Meet NASA Astronaut – Artemis Team Member Christina Koch [Video]

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NASA astronaut Christina Koch is a member of the Artemis Team, a select group of astronauts charged with focusing on the development and training efforts for early Artemis missions.

Christina Hammock Koch was selected as an astronaut by NASA in 2013. She completed astronaut candidate training in 2015. Koch graduated from North Carolina State University with a Bachelor of Science in Electrical Engineering and Physics and a Master of Science in Electrical Engineering. She most recently served as flight engineer on the International Space Station for Expedition 59, 60 and 61. Koch set a record for the longest single spaceflight by a woman with a total of 328 days in space.​

Koch’s career prior to becoming an Astronaut spanned two general areas: space science instrument development and remote scientific field engineering. Her career began as an Electrical Engineer at the NASA Goddard Space Flight Center (GSFC) Laboratory for High Energy Astrophysics, where she contributed to scientific instruments on several NASA space science missions.

Koch then became a Research Associate in the United States Antarctic Program from 2004 to 2007.

This included a yearlong stay with a winter-over at the Admunsen-Scott South Pole Station and a season at Palmer Station.

While in this role, she served as a member of the Firefighting and Search and Rescue Teams.

From 2007 to 2009, Koch returned to space science instrument development as an Electrical Engineer at the Johns Hopkins University Applied Physics Laboratory’s Space Department. She contributed to instruments studying radiation for NASA missions, including Juno and the Van Allen Probes.

In 2010, Koch returned to remote scientific field work with tours including Palmer Station in Antarctica and multiple winter seasons at Summit Station in Greenland.

In 2012, Koch continued work at remote scientific bases with the National Oceanic and Atmospheric Administration (NOAA). She served as a Field Engineer at NOAA’s Global Monitoring Division Baseline Observatory in Utqiagvik, Alaska and then as Station Chief of the American Samoa Observatory.

Throughout her career, she was involved in in technical instructing, volunteer tutoring and educational outreach.

Koch participated in the NASA Academy program at Goddard Space Flight Center (GSFC) in 2001 and worked as an Electrical Engineer at GSFC from 2002 to 2004. Koch was selected in June 2013 as one of eight members of the 21st NASA astronaut class. Her Astronaut Candidate Training included scientific and technical briefings, intensive instruction in International Space Station (ISS) systems, plus training and certification in spacewalking, ISS robotics, T-38 and T-6 aircraft flight, and Russian language.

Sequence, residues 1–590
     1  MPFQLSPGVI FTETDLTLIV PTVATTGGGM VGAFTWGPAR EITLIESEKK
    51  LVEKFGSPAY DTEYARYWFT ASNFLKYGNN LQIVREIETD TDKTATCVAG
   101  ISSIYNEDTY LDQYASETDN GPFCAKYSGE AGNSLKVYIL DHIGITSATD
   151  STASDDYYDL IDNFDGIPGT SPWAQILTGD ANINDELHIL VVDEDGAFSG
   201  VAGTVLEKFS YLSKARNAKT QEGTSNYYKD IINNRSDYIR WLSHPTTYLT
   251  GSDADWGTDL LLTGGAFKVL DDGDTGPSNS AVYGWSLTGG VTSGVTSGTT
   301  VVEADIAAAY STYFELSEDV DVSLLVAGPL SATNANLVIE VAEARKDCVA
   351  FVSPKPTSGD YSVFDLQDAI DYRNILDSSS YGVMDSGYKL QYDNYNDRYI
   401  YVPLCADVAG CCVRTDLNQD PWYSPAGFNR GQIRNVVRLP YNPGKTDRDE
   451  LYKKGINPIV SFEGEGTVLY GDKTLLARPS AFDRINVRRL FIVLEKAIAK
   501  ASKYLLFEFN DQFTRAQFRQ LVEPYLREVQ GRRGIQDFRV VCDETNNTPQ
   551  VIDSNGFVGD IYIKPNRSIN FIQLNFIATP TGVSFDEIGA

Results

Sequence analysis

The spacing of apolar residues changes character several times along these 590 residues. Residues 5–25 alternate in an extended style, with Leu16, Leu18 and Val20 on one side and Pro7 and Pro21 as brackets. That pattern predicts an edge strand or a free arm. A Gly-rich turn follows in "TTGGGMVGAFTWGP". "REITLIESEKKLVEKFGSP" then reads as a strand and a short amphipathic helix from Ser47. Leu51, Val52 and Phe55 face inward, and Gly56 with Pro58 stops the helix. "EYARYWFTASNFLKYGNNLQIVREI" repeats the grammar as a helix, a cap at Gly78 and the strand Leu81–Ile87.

In 2018, she was assigned to her first space flight, a long duration mission on the International Space Station.

Koch was a part of ISS Expeditions 59, 60 and 61. She launched on March 14, 2019 from the Baikonur Cosmodrome on a Soyuz spacecraft with NASA Astronaut Nick Hague and Russian Cosmonaut Alexey Ovchinin. She returned to Earth on February 6, 2020, on a Soyuz spacecraft with ESA Astronaut Luca Parmitano and Russian Cosmonaut Alexander Skvortsov.

The crews she served on contributed to hundreds of experiments in biology, Earth science, human research, physical sciences and technology development. Some of the scientific highlights from her missions include improvements to the Alpha Magnetic Spectrometer, which studies dark matter, growing protein crystals for pharmaceutical research, and testing 3D biological printers to print tissues in microgravity. Koch conducted six spacewalks, including the first three all women spacewalks, totaling 42 hours and 15 minutes. She has spent a total of 328 days in space.

Through the Artemis program NASA and a coalition of international partners will return to the Moon to learn how to live on other worlds for the benefit of all.

With Artemis missions NASA will send the first woman and the next man to the Moon in 2024 and about once per year thereafter.

Through the efforts of humans and robots, we will explore more of the Moon than ever before; to lead a journey of discovery that benefits our planet with life changing science, to use the Moon and its resources as a technology testbed to go even farther and to learn how to establish and sustain a human presence far beyond Earth.

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